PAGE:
All humans were postulated to have the capacity to think rationally, one Kulturkampf 27 reason debate should be free and public. The universality of human reason confirmed the moral validity of equality and liberty for all. For centuries elites of various stripes had sought to legitimize their superior power by proclaiming their superior wisdom. But if all humans possess the equal ability to reason and reason is the final arbiter of right and wrong, it followed that all persons must be naturally and fundamentally equal.
Be- ing subject to the laws of a government formed by the rational consent of the governed or social contract was not seen as a violation of individual liberty. The rational consent of the governed meant that democratic law amounted to self-legislated morality rather than heteronomy. Quoted in Ruggerio Rational, free, and equal persons could be expected to improve their lot both individually and collectively.
The Enlightenment bequeathed to posterity an extraordinary enthusiasm for progress. No one deserved to be deemed so destitute, be- nighted, or subjugated that the liberating rays of enlightenment could not shine upon him. Because it claims to be a self- legislated morality, liberalism requires persons who are granted liberty and equality to act rationally and progressively. Essentially, it needs persons nei- ther to prevent nor to endanger their own freedom or that of anyone else.
If they do either, they cast doubt on the very universality of human reason on which liberalism morally rests. There has long been a debate within liberalism regarding how much government intervention, if any, is needed to achieve liberal ends. Isaiah Berlin famously analyzed the debate as one between negative and positive freedom. Liberal voluntarism wants persons to have free choice, while liberal perfectionism wants them to make the right choice. It deserves underscoring that the two represent poles between which liberal philosophers and philosophies gravitate rather than enclosed camps with firm delineations of members Kulturkampf 29 and nonmembers.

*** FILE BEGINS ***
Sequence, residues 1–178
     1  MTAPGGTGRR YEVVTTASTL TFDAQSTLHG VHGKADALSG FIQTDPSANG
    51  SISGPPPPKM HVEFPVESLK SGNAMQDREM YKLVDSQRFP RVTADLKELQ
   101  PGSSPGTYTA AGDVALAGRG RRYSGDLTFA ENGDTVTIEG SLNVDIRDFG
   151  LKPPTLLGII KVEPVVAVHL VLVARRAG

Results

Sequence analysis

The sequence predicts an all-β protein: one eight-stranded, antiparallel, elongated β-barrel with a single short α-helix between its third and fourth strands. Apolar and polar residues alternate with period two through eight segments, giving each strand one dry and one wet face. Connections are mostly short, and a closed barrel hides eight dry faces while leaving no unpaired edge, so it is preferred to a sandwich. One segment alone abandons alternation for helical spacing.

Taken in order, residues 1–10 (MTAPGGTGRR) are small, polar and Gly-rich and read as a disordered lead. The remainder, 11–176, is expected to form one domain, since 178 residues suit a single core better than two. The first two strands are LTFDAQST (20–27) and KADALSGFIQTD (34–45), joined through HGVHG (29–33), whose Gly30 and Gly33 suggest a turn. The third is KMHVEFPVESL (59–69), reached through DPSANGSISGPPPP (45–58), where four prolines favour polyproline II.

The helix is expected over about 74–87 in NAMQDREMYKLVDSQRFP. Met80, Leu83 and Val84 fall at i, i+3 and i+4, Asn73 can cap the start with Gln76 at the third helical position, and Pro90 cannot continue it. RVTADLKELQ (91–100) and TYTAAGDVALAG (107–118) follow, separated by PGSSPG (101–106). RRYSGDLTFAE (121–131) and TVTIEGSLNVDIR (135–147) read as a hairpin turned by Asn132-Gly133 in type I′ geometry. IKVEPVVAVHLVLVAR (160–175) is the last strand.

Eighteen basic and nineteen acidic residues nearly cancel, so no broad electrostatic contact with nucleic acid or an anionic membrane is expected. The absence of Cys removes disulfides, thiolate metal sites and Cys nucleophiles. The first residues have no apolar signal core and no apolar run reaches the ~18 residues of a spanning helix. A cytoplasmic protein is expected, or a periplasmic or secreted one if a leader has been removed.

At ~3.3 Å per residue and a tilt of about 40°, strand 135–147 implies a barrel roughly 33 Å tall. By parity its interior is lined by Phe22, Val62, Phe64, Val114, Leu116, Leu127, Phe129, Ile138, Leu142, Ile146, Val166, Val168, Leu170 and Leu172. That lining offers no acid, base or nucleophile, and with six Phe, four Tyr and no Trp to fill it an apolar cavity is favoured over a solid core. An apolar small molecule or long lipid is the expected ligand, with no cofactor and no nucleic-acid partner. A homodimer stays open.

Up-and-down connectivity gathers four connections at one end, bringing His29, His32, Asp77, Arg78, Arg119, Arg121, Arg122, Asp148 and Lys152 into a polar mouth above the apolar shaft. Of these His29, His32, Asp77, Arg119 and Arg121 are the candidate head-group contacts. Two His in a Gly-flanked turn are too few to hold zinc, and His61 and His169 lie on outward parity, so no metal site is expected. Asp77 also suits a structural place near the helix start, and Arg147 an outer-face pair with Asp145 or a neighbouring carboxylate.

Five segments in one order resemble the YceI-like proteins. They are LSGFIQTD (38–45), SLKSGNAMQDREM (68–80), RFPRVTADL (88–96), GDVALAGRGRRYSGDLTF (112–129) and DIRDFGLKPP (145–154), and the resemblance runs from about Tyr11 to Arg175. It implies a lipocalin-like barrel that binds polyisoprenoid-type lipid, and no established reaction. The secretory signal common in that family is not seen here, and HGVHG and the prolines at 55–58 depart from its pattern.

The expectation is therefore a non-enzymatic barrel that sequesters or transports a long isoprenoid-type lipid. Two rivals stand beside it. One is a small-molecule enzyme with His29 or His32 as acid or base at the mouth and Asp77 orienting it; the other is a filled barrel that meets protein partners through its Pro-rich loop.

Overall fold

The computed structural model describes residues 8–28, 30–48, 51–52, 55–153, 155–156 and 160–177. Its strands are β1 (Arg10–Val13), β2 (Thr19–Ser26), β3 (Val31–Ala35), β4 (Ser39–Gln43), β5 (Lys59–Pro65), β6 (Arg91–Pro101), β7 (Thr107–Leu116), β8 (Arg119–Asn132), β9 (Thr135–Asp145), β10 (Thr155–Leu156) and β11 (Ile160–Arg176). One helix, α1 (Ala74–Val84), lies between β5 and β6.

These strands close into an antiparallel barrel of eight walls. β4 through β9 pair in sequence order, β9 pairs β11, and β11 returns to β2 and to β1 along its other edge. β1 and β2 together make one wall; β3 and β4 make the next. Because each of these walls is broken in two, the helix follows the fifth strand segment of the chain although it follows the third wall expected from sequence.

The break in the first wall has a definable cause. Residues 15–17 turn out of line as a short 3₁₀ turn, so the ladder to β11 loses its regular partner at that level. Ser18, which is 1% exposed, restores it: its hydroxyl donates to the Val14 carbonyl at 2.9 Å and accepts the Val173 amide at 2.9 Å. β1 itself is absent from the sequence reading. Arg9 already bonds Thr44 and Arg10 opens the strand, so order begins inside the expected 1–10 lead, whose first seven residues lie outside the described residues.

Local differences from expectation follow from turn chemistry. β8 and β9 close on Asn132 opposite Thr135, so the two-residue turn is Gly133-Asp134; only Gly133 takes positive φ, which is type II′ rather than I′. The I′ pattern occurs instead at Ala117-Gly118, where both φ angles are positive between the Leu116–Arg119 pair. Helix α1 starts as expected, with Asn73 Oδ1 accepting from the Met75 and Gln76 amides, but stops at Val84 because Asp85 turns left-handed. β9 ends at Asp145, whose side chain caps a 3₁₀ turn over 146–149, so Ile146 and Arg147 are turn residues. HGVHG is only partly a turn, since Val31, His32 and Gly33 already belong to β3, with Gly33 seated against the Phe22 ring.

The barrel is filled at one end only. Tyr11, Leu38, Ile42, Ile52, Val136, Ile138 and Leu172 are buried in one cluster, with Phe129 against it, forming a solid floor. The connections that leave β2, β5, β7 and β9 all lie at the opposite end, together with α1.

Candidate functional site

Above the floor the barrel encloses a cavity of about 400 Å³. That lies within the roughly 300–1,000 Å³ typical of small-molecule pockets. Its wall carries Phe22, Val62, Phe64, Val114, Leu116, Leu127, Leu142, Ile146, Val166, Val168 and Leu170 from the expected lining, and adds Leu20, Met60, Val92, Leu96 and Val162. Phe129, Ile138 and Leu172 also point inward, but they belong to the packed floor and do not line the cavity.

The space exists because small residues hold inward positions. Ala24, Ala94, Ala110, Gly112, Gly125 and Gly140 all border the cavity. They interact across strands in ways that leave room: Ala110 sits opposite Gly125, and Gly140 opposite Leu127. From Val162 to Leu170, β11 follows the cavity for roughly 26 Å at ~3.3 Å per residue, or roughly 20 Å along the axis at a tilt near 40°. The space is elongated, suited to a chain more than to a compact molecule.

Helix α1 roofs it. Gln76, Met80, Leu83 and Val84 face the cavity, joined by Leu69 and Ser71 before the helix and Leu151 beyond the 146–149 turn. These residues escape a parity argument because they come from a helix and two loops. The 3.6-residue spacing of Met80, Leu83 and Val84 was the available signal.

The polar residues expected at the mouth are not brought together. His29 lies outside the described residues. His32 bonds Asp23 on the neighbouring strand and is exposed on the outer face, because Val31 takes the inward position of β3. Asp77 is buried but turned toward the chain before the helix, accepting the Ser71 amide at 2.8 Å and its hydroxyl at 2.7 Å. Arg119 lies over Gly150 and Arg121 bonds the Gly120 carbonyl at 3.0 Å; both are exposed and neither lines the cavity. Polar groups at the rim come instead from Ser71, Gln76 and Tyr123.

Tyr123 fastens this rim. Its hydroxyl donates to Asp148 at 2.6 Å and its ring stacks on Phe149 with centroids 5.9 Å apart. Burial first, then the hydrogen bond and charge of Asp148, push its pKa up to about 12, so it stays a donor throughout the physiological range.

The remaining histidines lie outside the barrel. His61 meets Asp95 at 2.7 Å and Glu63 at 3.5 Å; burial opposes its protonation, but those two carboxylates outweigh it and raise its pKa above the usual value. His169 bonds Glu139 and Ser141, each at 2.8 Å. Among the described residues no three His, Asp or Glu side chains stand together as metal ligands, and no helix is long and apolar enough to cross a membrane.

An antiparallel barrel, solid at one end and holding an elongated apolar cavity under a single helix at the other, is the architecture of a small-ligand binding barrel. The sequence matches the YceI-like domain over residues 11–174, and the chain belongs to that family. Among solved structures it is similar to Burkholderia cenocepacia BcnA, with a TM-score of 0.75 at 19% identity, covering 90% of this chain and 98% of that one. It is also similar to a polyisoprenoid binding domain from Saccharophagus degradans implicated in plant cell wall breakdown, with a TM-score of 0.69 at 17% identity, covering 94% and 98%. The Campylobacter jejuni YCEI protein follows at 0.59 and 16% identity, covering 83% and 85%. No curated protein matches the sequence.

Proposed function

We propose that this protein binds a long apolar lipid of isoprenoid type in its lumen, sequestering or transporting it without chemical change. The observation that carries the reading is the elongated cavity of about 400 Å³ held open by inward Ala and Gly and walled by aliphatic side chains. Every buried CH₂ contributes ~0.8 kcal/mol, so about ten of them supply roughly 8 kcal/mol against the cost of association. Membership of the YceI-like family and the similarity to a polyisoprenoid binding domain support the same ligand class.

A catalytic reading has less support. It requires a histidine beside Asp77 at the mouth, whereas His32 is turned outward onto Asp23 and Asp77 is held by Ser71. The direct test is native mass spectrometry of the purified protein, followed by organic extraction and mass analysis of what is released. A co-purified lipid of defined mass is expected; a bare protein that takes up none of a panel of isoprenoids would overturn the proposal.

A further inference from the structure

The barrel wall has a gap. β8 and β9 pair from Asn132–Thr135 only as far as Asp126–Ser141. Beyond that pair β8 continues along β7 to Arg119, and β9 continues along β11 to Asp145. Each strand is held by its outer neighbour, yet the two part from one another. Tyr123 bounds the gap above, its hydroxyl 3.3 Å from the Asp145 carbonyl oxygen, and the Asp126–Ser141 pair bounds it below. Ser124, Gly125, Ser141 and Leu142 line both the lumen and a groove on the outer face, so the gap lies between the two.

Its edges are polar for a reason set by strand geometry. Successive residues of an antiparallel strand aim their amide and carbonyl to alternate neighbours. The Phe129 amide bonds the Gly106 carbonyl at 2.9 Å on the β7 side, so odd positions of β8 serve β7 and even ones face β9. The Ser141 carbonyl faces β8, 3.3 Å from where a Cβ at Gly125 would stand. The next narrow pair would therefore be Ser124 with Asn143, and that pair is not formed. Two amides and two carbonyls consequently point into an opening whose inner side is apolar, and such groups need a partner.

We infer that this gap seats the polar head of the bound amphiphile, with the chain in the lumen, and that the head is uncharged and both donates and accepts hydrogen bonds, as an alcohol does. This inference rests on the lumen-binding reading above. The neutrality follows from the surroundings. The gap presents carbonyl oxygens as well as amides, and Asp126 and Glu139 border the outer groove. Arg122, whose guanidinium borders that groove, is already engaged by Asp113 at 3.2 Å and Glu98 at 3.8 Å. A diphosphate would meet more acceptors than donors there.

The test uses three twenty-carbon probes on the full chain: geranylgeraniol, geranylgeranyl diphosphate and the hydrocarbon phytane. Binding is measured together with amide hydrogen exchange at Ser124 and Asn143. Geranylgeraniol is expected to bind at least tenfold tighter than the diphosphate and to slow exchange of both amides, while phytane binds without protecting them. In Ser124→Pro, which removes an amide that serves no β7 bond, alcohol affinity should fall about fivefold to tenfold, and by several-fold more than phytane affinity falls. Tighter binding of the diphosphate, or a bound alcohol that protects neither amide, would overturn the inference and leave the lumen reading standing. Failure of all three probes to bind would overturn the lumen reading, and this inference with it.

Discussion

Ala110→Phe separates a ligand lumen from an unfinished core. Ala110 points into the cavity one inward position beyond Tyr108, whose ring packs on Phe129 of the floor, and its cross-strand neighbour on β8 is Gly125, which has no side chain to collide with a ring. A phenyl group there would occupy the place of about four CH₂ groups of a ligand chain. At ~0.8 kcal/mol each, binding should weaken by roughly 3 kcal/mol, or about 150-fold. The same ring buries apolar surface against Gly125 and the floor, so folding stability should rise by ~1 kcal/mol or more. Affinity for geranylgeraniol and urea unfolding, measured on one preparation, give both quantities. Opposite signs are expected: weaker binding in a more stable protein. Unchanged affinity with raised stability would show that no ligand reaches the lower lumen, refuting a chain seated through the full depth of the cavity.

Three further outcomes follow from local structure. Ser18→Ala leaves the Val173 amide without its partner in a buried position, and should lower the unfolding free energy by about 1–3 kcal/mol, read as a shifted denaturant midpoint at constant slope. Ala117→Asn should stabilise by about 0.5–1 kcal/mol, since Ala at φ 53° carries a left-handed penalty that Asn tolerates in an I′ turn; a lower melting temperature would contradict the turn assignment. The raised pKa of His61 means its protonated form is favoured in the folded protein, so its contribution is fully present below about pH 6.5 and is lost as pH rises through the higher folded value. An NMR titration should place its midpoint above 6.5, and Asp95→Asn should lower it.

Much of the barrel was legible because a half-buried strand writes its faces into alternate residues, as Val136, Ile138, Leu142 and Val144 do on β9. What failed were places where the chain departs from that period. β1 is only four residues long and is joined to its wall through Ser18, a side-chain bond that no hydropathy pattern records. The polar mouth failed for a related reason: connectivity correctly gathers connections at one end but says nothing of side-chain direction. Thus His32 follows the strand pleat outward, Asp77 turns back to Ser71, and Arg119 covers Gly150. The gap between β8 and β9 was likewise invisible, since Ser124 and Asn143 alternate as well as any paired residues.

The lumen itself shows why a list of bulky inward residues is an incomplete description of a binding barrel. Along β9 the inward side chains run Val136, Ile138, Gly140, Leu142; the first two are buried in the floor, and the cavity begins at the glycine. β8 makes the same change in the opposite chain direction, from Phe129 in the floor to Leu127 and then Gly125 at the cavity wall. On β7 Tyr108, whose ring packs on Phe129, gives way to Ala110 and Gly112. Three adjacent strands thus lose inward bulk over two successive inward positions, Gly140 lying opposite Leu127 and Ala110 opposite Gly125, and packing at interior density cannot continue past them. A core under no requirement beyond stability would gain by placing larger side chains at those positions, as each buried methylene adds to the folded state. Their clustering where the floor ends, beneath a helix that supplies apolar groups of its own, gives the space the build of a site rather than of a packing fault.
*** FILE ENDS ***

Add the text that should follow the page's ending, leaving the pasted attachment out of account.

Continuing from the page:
Liberal voluntarism worries more about governments that make mis- takes than individuals who do so. Individuals should be free to err because error can represent an important dimension of the beneficial learning process leading into maturity. By contrast, when the state errs, its errors ramify widely. His own good, either physical or moral, is not a sufficient warrant. For he would thereby not only achieve the very opposite of ethical ends, but also undermine his political ends and render them insecure. As experience with relatively freer societies accumulated, it became obvious that free persons would not, as many Enlightenment thinkers had hoped, converge on a unified vision of the good life.
As mentioned, Berlin argued that there were equally rational and compelling reasons for embracing liberalism as there were for espousing nationalism, even though the two philosophies were incompatible and in- commensurable. The fact of reasonable pluralism which characterizes a society with free institutions makes this impossible. From the perspective of liberal voluntarism, the fact of reasonable plu- ralism should not alarm the state.